Race, Place and Historic Moment – Black and Japanese American World War II Veterans: The G.I. Bill of Rights and the Model Minority Myth

Intergroup Conflict and Cooperation (Robert S. Chang & Greg Robinson eds.), Forthcoming

U of Maryland Legal Studies Research Paper No. 2015-20

5 Pages Posted: 25 Aug 2015

See all articles by Taunya Lovell Banks

Taunya Lovell Banks

University of Maryland Francis King Carey School of Law

Date Written: August 25, 2015

Abstract

The most commonly touted social change in the United States following the end of World War II is the expansion of the American middle class. The more frequently invoked narrative holds that the G.I. Bill, by providing veterans previously unavailable educational opportunities, elevated the socioeconomic status of a substantial segment of the American population as they entered their most productive working years. Black and Japanese American soldiers who fought abroad in racially segregated units to “make the world safe for democracy,” returned to fight, with others, for full citizenship rights at home in the civil rights movements of the mid twentieth century. During this period second generation Japanese Americans (Nisei), but not blacks, achieved near economic parity with whites causing some to characterize them as a “model minority.” Historian Roger Daniels, writing that “the transformation [of Japanese Americans] from ‘pariah to paragon’ [was not] merely a mechanical adjustment of market forces,” urged historians to more closely examine the factors contributing to the relative post-war economic success of Japanese Americans. This chapter takes on an aspect of Daniels’ challenge. It asks whether the advantages allegedly conferred on WWII veterans who received G.I. Bill benefits explains the current socio-economic status of Japanese Americans, or whether other factors better explain their relative postwar success.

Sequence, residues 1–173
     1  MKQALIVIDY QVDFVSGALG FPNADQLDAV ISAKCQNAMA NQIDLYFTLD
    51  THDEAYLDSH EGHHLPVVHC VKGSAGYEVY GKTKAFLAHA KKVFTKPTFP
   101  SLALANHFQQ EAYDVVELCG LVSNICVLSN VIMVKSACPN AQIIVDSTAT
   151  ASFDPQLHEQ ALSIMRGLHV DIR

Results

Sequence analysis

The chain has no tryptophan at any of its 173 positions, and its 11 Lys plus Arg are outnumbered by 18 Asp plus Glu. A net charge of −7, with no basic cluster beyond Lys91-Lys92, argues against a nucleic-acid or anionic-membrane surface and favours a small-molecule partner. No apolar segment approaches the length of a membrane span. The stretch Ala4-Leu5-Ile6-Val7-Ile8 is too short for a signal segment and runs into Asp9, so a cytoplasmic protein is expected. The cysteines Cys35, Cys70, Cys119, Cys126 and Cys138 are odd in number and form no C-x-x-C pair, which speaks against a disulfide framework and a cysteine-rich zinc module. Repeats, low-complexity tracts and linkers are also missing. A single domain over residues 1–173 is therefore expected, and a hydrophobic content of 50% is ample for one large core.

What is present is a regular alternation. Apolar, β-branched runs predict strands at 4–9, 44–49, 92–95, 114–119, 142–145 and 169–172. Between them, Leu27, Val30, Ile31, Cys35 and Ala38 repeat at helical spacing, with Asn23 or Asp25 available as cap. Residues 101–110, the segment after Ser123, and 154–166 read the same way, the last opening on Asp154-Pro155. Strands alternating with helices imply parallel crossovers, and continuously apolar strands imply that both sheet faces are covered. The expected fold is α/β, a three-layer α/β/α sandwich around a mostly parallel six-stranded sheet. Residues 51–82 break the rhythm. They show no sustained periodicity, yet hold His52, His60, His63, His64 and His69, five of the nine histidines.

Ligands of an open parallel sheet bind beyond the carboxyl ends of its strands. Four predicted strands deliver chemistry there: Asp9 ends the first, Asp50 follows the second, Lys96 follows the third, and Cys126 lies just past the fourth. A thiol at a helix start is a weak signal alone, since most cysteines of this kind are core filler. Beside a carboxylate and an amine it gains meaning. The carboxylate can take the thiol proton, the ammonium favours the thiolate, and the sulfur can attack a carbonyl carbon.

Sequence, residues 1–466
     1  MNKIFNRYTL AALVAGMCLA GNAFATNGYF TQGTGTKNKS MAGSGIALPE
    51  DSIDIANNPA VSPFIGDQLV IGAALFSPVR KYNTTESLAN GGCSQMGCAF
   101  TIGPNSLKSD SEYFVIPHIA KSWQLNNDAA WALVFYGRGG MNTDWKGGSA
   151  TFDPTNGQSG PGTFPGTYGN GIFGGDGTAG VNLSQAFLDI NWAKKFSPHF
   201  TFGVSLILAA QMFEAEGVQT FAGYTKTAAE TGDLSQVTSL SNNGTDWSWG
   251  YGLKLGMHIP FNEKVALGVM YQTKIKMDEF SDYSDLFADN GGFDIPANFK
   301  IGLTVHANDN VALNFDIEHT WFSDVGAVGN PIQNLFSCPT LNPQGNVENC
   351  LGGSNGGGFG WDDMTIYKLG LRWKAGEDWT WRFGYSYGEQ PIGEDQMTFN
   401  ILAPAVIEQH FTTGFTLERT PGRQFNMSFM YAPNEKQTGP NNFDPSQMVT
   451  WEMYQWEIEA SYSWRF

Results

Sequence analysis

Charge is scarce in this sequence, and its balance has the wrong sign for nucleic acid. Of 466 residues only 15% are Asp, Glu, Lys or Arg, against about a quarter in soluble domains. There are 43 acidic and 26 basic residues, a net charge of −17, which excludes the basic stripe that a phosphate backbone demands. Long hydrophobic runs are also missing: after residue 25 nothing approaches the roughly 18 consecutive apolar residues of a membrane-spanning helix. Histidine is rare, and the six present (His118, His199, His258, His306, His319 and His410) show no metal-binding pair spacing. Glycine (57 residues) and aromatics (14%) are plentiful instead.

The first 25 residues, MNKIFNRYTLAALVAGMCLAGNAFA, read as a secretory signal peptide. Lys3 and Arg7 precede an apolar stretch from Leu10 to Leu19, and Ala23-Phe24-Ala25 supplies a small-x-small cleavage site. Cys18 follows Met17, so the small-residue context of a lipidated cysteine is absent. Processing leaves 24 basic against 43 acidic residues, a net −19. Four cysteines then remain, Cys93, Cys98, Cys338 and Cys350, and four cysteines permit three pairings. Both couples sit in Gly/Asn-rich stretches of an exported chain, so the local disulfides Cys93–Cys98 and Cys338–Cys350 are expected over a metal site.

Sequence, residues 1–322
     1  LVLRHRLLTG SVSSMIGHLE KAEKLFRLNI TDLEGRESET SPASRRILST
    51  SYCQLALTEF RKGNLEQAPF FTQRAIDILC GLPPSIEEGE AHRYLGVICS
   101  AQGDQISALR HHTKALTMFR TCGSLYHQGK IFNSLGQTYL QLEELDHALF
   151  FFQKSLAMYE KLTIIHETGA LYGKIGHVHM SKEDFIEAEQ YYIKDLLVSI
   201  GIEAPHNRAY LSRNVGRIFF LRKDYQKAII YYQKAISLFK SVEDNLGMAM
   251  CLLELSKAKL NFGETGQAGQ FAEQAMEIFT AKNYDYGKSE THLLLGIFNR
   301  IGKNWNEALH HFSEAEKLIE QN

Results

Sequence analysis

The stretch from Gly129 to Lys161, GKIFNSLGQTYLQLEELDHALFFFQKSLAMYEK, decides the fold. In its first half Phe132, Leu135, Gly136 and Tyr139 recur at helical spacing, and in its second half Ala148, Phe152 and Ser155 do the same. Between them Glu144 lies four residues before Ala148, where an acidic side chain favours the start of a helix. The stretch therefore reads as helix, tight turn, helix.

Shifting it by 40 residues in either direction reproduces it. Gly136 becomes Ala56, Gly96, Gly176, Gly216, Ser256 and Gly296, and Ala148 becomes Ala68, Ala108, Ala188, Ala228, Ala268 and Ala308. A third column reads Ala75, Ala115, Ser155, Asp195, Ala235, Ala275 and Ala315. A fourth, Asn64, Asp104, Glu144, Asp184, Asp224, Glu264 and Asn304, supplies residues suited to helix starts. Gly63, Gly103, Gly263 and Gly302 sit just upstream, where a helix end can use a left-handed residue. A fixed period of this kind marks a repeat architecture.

Keywords: social change, socioeconomic status, G.I. Bill, housing, higher education, postwar, racial subordination, veterans, Nisei

Suggested Citation

Banks, Taunya Lovell, Race, Place and Historic Moment – Black and Japanese American World War II Veterans: The G.I. Bill of Rights and the Model Minority Myth (August 25, 2015). Intergroup Conflict and Cooperation (Robert S. Chang & Greg Robinson eds.), Forthcoming; U of Maryland Legal Studies Research Paper No. 2015-20. Available at SSRN: https://ssrn.com/abstract=2650417 or http://dx.doi.org/10.2139/ssrn.2650417

Taunya Lovell Banks (Contact Author)

University of Maryland Francis King Carey School of Law ( email )

500 West Baltimore Street
Baltimore, MD 21201-1786
United States

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